For patients with benign (typical) febrile seizures, excluding causes such as central nervous system infections, most will recover with age. The majority of patients do not develop epilepsy, and it does not impact intellectual development.

Diagnosis and Treaments

Doctors will determine the cause of fever and seizures based on the medical history and physical examination.

  • Standard examinations include nasal fluid analysis, throat bacterial culture, blood tests, urine tests, chest X-rays, etc.
  • A lumbar puncture may be necessary for cerebrospinal fluid analysis if meningitis is suspected.
  • If needed, doctors may arrange additional tests such as electroencephalogram (EEG), computed tomography (CT) scan, magnetic resonance imaging (MRI), etc.
  • In severe cases, hospitalization may be recommended for further examination and treatment.

Doctors will treat the underlying cause and may use antipyretic medications. If bacterial infection is suspected, antibiotics or anticonvulsant drugs may be prescribed to shorten the duration of seizures, but it is essential to follow the doctor's prescription and instructions carefully.

FAQ

Benign febrile seizures generally resolve within 15 minutes. However, in the following complicated situations, it is advisable to promptly take the child, along with information on medication history and medical records, to the Accident and Emergency Department (A&E) for consultation: - The child's age is less than 6 months. - Seizure duration exceeds 15 minutes. - Seizures only affect specific body parts, and the involvement is asymmetrical. - Recurrent seizures. - After the seizure stops, the child remains disoriented. - After the seizure stops, paralysis of the hands or feet, headache, difficulty breathing, pallor, or blueness of the face. - Presence of hemorrhagic rash. - Stiff neck or signs of meningitis. - Difficulty swallowing, sore throat, excessive drooling. - Severe vomiting, diarrhoea, abdominal pain, lower back pain, dehydration. - Accidental ingestion of medication or suspected poisoning. - Head injury leading to unconsciousness within the past three days before the onset of seizures. - Any age, with a body temperature reaching or exceeding 40°C (104°F).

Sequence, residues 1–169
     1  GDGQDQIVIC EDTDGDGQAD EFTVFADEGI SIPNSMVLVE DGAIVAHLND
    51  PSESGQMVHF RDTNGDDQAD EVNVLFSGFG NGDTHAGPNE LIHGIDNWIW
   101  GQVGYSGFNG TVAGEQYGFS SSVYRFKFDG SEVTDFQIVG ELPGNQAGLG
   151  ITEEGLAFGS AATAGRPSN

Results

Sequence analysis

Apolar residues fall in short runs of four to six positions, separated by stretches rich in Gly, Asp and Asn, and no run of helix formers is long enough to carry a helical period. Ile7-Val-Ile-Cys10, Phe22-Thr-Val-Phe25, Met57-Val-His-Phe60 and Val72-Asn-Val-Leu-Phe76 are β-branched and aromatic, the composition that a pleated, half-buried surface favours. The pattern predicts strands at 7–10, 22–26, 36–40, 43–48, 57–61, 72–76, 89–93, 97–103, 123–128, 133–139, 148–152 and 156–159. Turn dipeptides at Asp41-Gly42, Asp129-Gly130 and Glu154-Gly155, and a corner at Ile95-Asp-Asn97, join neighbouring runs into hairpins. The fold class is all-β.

- Place the child safely, avoiding contact with complex objects or falling from the bed. - If there is no neck injury, lay the child flat, then turn the head to the side to help clear secretions from the mouth. - If foreign objects block the airway, immediately clear it and loosen the collar. - In case of vomiting, promptly clean up the vomit to prevent the child from inhaling it into the trachea. - If accompanied by high fever, use rectal antipyretic medication. - If instructed by a doctor beforehand, use rectal anticonvulsant medication. - Wiping the body with warm water and removing thick clothing helps reduce fever and shorten the duration of seizures. - Avoid intense light stimulation to the child. - Observe the seizure.
- Check the breathing, and heartbeat. - Comfort the child after awakening and allow the child to rest. - After the child is fully awake, administer oral antipyretic medication or give water. - Record details of the fever and seizure. - Pay attention to the appearance of other symptoms, such as rash, flu-like symptoms, sore throat, or stiff neck. - When seeking medical attention, inform the doctor of the child's past and family history of seizures, medication use, and other symptoms.